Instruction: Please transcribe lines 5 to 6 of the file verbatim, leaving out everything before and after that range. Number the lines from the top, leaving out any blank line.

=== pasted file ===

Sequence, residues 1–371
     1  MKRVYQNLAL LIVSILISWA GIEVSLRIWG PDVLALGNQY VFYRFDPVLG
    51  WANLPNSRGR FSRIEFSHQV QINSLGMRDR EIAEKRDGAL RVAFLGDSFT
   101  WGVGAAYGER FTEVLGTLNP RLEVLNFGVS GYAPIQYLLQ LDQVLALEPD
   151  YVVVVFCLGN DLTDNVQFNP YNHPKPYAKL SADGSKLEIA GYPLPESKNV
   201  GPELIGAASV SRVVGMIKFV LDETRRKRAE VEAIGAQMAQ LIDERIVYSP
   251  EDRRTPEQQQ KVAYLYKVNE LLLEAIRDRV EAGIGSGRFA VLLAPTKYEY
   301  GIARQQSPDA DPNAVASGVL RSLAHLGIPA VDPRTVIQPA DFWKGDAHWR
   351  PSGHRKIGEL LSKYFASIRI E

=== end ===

   151  YVVVVFCLGN DLTDNVQFNP YNHPKPYAKL SADGSKLEIA GYPLPESKNV
   201  GPELIGAASV SRVVGMIKFV LDETRRKRAE VEAIGAQMAQ LIDERIVYSP